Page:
Idaho State University is in some regulatory hot water after what is being described as a potentially deadly oversight regarding a small amount of plutonium that had been stored on campus.
University sources indicate that the radioactive material was disposed of about 15 years ago, but point to possibly botched paperwork as the genesis of the current controversy.
“Unfortunately, because there was a lack of sufficient historical records to demonstrate the disposal pathway employed in 2003, the source in question had to be listed as missing,” said Vice President of Research Dr. Cornelis Van der Schyf.
Though he expressed his assurance that the missing sample was not a health or safety threat, experts point out that the weapons-grade plutonium was present in quantities sufficient to produce a dirty bomb, according to Fox News. The amount was approximately the size of a quarter.
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Researchers at the school had been studying new technologies that would make containers used to store nuclear waste more secure. Their work was also aimed at preventing potentially harmful radioactive material from entering the U.S.
All but one of the 14 samples were properly documented upon disposal. A subsequent inventory led a university employee to discover the exception.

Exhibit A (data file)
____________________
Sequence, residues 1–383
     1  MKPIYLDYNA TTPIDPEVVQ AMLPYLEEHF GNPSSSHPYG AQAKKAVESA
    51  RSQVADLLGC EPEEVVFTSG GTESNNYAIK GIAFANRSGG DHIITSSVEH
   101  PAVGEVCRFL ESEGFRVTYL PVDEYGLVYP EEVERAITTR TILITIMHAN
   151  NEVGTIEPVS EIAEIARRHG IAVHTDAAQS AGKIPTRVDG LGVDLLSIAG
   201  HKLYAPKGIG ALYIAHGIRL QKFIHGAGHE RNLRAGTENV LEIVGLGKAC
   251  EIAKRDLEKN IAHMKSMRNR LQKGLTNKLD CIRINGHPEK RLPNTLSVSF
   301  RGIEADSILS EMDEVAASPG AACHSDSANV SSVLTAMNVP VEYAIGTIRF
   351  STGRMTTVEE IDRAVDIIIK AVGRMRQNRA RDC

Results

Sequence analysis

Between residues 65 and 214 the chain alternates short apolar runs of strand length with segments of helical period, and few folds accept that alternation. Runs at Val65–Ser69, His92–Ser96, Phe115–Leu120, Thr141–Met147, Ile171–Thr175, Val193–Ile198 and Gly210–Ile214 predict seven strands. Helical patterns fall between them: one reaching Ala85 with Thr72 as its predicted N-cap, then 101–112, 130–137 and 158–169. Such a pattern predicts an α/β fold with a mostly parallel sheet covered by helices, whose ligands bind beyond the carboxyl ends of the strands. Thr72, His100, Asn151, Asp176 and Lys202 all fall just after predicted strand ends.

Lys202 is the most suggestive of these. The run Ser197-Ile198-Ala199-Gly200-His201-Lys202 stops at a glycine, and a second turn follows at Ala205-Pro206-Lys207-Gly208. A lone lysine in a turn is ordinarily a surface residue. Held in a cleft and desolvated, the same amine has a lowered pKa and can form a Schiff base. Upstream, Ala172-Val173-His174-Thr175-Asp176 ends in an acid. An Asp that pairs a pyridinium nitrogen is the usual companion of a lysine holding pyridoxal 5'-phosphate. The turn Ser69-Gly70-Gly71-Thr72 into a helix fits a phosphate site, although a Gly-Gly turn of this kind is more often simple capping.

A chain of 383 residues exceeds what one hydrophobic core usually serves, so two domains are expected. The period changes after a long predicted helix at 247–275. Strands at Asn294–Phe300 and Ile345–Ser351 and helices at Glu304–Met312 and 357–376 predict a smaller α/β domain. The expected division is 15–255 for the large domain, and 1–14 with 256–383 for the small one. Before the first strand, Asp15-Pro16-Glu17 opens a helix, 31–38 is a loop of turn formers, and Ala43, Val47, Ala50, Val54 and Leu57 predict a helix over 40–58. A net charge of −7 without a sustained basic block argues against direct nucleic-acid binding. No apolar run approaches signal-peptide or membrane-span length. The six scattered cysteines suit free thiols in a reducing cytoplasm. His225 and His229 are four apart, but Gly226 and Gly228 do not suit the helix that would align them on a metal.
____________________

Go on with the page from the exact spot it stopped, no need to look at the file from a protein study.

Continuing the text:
A final reference to the disputed sample came in November 2003 and indicated it was “pending disposal of the next waste shipment.”
The undocumented fate of the dangerous material led to a thorough search for either the sample or additional evidence of its disposal. In addition to staff checking waste barrels and paperwork on campus, regulators were dispatched to the school to conduct their own search. No evidence of the missing plutonium was ever found.
Though the university reportedly announced plans to turn over all of its remaining plutonium to the Department of Energy, the agency did not immediately respond to requests for a comment.
It remains unclear from existing reports whether the university retained possession of any additional samples.
Nearly seven months after the radioactive material was reported missing, the U.S. Nuclear Regulatory Commission announced an $8,500 fine, which the university has 30 days to dispute.
Spokesperson Victor Dricks said the agency “has very rigorous controls for the use and storage of radioactive materials as evidence by this enforcement action.”
He endorsed the school’s reputation as a steward of hazardous elements like plutonium, explaining that the effort to dispose of its samples in the early 2000s was part of a plan to pare down its collection of radioactive material.
Dricks said the university has “a good record” with the commission.
The U.S. Department of Energy operates one of the nation’s leading nuclear research labs, the Idaho National Laboratory, about an hour from the Idaho State University campus. The two entities have worked together on related projects in the past.
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